The records release comes after a year of intense scrutiny on the UC system surrounding multiple high-profile cases of powerful faculty members and administrators who avoided serious consequences after investigators substantiated claims of sexual harassment.

The documents include completed investigation reports and resulting disciplinary records from January 2013 to April 2016 across 10 campuses. Roughly 35% of the complaints came from students, and a quarter of all accused were faculty, according to university officials.

The records reveal that investigators substantiated students’ claims against UC professors for a wide range of misconduct, including lewd comments, unwanted propositions, inappropriate touching and sexual assault.

Some were terminated or resigned, but others faced minimal consequences, the records show. One-third of the accused still work for the university.

At UCLA alone, at least six faculty members faced sexual misconduct investigations. One unnamed associate professor there allegedly told a female student that she “looked so beautiful” and he was “distracted by her charm”. In an email, he said he was inspired to write her poetry.

According to an investigator’s report, when the student subsequently skipped class because she felt uncomfortable, the professor reprimanded her, emailing: “You really should not be missing classes. This is very serious, as it is disruptive to your education.”

The complaint was resolved with a settlement in which the professor did not admit wrongdoing but agreed to pay a $7,500 fee in lieu of a suspension without pay.

Another unnamed male faculty member at UCLA was accused of sending flirtatious and sexual emails to a female student. After she rejected him, he emailed: “Will try and take a cold shower. Don’t know if it’s gonna work though.”

The student, describing the impact of the messages, said: “I spent my days not studying my research but agonizing over how I could possibly fix a situation that I had not created.”

“I really was terrified of what would happen to me academically if I had to cut him from my life.”

The faculty member also resolved the matter with a settlement.

UCLA spokesman Tod Tamberg told the Guardian that both professors who settled remain at the university.

‘A vicious cycle’

While there has been increasing recognition of the epidemic of campus sexual assault in America, the UC records reveal a disturbing pattern in how administrators deal with assailants when they are faculty, Farrell said: “It’s a vicious cycle. How is a college to shift a culture among its students if it’s giving a free pass to its own employees?”

According to the investigator, Gans, the French studies professor who told his student that he loved her, claimed that he believed his overtures to his student were “welcome”, even though she repeatedly suggested otherwise, including one message that said, “I have to make it clear that I don’t see you in a romantic way.”

Gans also reached a settlement that allowed him to assume “emeritus status” but blocked him from teaching, mentoring or advising students in the future.

In an email to the Guardian, Gans criticized the university’s process, saying he was not able to present his side of the case and was not “given anything resembling the ‘due process of law’ guaranteed by the constitution”.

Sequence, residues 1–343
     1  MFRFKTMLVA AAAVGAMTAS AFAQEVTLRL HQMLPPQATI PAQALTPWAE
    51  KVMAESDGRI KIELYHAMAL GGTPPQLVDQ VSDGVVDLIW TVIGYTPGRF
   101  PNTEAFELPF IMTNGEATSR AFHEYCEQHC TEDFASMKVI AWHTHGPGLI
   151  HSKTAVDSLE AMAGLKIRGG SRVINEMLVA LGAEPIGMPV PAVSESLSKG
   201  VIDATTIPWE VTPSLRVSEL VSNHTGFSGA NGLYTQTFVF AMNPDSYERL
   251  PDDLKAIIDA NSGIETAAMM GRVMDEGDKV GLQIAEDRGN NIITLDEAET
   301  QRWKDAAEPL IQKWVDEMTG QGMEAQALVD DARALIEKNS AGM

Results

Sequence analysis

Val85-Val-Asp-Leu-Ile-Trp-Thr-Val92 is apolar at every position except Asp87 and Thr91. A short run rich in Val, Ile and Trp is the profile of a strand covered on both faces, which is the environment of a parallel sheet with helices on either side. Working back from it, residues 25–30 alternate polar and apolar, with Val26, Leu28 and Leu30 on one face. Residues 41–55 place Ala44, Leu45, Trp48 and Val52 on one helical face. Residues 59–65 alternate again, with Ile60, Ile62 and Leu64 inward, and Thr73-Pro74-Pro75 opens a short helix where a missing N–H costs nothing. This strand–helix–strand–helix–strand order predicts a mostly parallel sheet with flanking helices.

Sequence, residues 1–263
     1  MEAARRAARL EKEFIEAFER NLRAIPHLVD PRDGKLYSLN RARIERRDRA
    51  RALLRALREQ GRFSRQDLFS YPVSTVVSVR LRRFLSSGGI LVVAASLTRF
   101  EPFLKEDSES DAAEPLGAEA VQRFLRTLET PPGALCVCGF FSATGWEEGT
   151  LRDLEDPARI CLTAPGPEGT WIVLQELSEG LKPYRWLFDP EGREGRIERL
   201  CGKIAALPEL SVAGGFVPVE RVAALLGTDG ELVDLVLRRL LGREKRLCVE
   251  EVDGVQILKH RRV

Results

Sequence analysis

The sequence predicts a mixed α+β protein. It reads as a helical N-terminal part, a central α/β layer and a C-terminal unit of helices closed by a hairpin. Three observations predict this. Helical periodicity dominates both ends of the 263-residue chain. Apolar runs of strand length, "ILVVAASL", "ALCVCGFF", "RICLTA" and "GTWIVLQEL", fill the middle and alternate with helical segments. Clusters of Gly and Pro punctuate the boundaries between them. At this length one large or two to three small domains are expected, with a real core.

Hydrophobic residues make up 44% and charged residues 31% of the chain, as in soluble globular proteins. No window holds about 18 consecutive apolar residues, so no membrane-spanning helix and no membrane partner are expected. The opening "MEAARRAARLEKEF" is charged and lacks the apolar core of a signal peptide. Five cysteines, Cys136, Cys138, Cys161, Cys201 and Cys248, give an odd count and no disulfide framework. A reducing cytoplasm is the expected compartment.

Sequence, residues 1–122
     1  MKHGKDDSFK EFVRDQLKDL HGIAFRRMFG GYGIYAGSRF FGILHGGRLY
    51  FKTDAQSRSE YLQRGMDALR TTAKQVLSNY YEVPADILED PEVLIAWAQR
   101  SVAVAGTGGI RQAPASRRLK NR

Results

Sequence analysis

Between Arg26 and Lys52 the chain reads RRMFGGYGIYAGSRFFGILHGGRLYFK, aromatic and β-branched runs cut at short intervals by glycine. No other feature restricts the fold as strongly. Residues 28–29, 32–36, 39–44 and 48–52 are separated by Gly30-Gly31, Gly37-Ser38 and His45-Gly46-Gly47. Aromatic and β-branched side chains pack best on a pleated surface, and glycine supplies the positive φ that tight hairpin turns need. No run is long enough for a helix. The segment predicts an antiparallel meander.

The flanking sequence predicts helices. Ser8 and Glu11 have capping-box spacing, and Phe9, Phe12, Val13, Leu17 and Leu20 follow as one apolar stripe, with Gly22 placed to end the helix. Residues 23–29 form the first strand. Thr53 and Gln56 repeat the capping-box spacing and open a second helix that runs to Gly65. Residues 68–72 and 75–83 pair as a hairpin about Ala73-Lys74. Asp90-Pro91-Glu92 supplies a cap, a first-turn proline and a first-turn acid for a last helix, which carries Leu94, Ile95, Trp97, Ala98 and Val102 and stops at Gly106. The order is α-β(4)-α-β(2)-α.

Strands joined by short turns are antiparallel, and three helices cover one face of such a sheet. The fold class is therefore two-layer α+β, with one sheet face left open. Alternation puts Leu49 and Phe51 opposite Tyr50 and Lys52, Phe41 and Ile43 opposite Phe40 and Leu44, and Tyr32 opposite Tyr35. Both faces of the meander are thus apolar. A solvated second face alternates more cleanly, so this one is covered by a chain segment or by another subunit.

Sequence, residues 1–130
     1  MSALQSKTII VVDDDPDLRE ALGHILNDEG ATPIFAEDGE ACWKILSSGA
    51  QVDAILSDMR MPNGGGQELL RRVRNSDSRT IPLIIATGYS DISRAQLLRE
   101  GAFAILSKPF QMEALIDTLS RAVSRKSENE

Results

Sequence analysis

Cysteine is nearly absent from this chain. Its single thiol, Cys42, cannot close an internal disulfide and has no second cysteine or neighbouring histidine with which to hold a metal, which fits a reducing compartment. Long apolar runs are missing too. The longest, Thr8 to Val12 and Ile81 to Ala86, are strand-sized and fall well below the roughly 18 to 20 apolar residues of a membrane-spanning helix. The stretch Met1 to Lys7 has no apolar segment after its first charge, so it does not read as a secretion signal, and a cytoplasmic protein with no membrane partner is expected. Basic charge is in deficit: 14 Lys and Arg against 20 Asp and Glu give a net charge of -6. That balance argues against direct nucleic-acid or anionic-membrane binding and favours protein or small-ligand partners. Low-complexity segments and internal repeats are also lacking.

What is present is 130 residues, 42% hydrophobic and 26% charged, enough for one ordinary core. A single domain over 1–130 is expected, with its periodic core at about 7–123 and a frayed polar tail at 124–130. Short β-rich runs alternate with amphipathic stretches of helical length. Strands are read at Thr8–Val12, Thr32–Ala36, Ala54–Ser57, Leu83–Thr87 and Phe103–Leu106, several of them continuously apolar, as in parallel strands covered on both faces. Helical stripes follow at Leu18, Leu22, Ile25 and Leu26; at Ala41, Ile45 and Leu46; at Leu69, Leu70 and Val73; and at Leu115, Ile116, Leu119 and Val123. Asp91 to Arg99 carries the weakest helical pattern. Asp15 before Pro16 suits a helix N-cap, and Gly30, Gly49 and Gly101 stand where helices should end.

Investigators at UC Santa Cruz determined that Hector Perla, an assistant professor of Latin American and Latino studies, sexually assaulted one of his female students in 2015. Perla, who could not be reached for comment, resigned when disciplinary proceedings began, according to the university. The student’s lawyers recently announced that UC agreed to pay $1.15m to settle the case, which is believed to be one of the largest Title IX settlements in the history of Title IX, the federal anti-discrimination law.

Academic officials at many levels faced accusations, according to the records.

At UC Merced, a male instructing lecturer asked a former female student to meet with him to see if she would be interested in helping him grade papers. Later, according to an investigation report, the lecturer sent her a text message that said, “I wanted you to take your pants off.”

The employee, whose name was redacted, was given a warning.

Joseph Lewis, a dean at UC Irvine, was found to have violated harassment policies after an unnamed person filed a complaint about the administrator making offensive sexual and misogynistic comments and inappropriate touching. Lewis, who did not respond to requests for comment, resigned as dean but was able to take a paid sabbatical, according to spokesman Tom Vasich: “He is aware of and will abide by policies regarding faculty conduct.”

Kathleen Salvaty, the UC’s systemwide coordinator for Title IX said the university has strengthened its policies and procedures since many of these cases were adjudicated, including improving opportunities for confidential reporting and mandating that faculty alert her office to complaints of harassment.

“The more we educate our students about their rights and their options, I think students can feel empowered,” she said.

The university has noted that the complaints cover a large system that employs 250,000 people. But Salvaty admitted that there were likely other victims who decided not to come forward: “The cases that distress me are the cases where the people don’t report.”